Motivation Articles

''I Thought I'd Always Be Fat''

One Member Shares What a Difference a Year Makes

One year ago, I went to lunch with a co-worker. When the waitress came over to take our drink order, I ordered a Diet Coke. The woman looked me up and down, snorted, then asked, "Diet?" in a very snotty voice. I just sat very still and said, yes. My co-worker kept his gaze down and pretended it didn't happen. I made a face, but then thought that maybe the slight was in my head. Maybe I'm being overly sensitive. Maybe she wasn't making a comment on my weight. When she came back with my soda and my co-worker's iced tea, she also brought a glass of water. As she placed my soda down onto the table she said, "Now drink your water. There's 'no refills' on soda." Throughout the meal she came by and refilled my co-worker's iced tea and gave me dirty looks. It was completely and totally humiliating. I didn't finish my meal or the soda. I wanted to. I was hungry. I just couldn't let her win.

Of course, by acting differently than I normally would have, I had already let her win. She wanted to make me feel bad, and she succeeded. I should've said something. I should've drank my soda and told her I'd pay for another. I should've asked to speak with her supervisor. Something. But I didn't do any of that. I just let her walk all over me.

You might think that was the moment I turned my life around, but no. The next couple of days came and went. I felt miserable about myself and stuffed my face with cookies, which made me feel even more miserable. I knew I needed to get control of the situation, but I had no idea how. My whole family is obese and I have been for most of my life. I didn't grow up eating well-balanced meals at home. We ordered out all of the time, sometimes more than once a day. Nutrition labels meant nothing to me. The only ways I thought of trying to lose weight were drastic. I had briefly tried Medifast, but I was so calorically deprived that I felt weak all of the time and was extremely moody. I had tried restricting what I ate on my own, but experienced similar results. In both cases, my diet would last a couple of weeks and end by bingeing when I just couldn't take it anymore. I hated myself for it. I figured that losing weight was something I was just never going to be able to achieve. I was always going to be fat—someone to be made fun of at restaurants.

The following week, I got an email from a good friend of mine. She was really excited about some website. I was still feeling lousy, but when she told me it was a weight loss website, I felt even worse. I thought about my friend, already skinny and perfect in my eyes, trying to lose weight. I mean, if she's overweight, then what does that make me? She told me all about SparkPeople and how awesome it was. She told me about getting SparkPoints for inviting people and continued talking long enough that I finally just said, "Fine. OK. You can send me an invite if you want." I had no intention of joining. What good would it do anyway?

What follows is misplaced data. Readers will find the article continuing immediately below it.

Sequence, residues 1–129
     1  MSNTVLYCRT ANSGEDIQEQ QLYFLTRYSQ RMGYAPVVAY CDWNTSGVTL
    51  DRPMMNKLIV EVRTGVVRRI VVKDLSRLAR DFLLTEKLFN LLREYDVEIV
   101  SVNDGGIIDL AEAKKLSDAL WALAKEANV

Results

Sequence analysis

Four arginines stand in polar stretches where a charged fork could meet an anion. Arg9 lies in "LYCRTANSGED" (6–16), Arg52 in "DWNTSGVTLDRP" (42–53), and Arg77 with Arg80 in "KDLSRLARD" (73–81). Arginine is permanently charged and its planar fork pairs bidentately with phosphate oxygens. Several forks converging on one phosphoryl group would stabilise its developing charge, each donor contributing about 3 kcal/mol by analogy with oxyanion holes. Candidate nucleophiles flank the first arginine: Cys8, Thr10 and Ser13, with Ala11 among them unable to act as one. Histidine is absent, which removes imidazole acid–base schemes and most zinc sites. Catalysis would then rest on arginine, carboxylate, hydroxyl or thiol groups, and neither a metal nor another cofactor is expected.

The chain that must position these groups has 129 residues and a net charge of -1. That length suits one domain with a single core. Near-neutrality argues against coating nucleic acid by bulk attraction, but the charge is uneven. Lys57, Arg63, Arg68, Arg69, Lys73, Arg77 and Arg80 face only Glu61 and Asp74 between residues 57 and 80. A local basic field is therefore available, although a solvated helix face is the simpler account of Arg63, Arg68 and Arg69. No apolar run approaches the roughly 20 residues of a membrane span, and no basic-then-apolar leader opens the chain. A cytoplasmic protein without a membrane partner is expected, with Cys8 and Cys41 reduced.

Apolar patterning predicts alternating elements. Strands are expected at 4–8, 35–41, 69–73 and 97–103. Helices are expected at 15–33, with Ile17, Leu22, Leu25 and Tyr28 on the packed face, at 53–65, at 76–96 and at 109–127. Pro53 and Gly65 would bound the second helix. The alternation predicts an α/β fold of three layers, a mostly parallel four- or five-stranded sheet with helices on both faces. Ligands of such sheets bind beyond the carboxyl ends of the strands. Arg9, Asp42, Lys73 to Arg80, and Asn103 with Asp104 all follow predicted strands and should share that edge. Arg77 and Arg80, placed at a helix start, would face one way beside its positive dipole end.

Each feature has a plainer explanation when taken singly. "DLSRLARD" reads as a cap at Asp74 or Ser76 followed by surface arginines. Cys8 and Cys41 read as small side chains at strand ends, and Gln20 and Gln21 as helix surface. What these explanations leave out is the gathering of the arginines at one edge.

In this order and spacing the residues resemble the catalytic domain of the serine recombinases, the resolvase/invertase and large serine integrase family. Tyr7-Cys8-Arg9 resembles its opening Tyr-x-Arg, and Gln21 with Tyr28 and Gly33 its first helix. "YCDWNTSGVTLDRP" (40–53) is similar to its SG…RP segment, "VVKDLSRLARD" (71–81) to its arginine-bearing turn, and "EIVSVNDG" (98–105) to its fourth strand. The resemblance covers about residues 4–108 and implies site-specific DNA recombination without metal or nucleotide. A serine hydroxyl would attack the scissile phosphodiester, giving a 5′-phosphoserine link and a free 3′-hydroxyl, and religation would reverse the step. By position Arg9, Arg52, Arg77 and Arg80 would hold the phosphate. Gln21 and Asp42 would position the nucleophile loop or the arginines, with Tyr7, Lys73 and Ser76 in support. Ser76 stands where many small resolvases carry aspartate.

It wound up being quite a serendipitous situation.

Out of curiosity, I did join when I got the invite. I started poking around on the website. I decided to give the Nutrition Tracker a try. I was shocked to see exactly how awful the foods I ate really were. I mean, I knew it was bad, but not that bad. I had always heard that food journaling was a key to weight loss, but I never really believed it until I tried it here on SparkPeople. Seeing everything that I was eating detailed in front of my eyes really helped me gain some perspective. From that point on, everything just fell into place.

A few days later I joined a Curves gym. My plan was simply to go to Curves three times a week and stick to the calorie range SparkPeople gave me (1,200-1,550 calorie per day) six days a week. I allowed myself to eat whatever I wanted on Fridays, regardless of caloric content. Other than that, all I did was read the articles on the website to learn about nutrition, fitness and general health. I continued this same way for about four months, at which time I decided to join the YMCA for my fitness plan. From then on it was strength training and cardio at the "Y," though all other aspects of my routine remained the same.

As of today I've been active on the SparkPeople website for 365 days. Many things in my life have changed in the past year. It's actually crazy for me to even think about how differently I feel right now compared to just one year ago. Now, one year into this lifestyle change, I am happy to report that I've lost a total of 70 pounds and gone from a size 20/22 to a size 10/12. Is that crazy or what?

What I've found is that weight loss can be both the easiest thing and the most difficult thing all at the same time. On one hand, as soon as I understood how nutrition and fitness work, I was able to implement that knowledge and the weight started to come off. Eating the right things is not that difficult, nor is exercising a few times a week. I mean, if I had known it was all just a formula that anyone could master, I would've lost the weight years ago.

On the other hand, the weight loss journey can be really frustrating and miserable. It was so hard to be at the beginning of the process, with the finish line so far off in the distance. It felt like I'd never get to where I wanted to be. I hated how the first 30 pounds of weight loss weren't even noticeable to those around me. And then on the flip side, I hated when it became noticeable, as it became all anyone wanted to talk to me about. It was an emotional roller coaster. Even now I still feel some of that.